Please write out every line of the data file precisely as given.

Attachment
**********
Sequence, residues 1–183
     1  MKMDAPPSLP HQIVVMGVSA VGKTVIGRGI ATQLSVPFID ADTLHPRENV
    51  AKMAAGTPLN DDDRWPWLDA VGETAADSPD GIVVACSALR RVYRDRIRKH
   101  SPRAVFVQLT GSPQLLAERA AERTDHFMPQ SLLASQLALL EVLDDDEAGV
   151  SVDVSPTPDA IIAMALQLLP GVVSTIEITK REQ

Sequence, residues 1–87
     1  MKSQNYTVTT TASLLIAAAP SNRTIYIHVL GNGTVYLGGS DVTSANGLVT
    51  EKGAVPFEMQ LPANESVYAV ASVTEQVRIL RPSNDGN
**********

Sequence, residues 1–183
     1  MKMDAPPSLP HQIVVMGVSA VGKTVIGRGI ATQLSVPFID ADTLHPRENV
    51  AKMAAGTPLN DDDRWPWLDA VGETAADSPD GIVVACSALR RVYRDRIRKH
   101  SPRAVFVQLT GSPQLLAERA AERTDHFMPQ SLLASQLALL EVLDDDEAGV
   151  SVDVSPTPDA IIAMALQLLP GVVSTIEITK REQ

Sequence, residues 1–87
     1  MKSQNYTVTT TASLLIAAAP SNRTIYIHVL GNGTVYLGGS DVTSANGLVT
    51  EKGAVPFEMQ LPANESVYAV ASVTEQVRIL RPSNDGN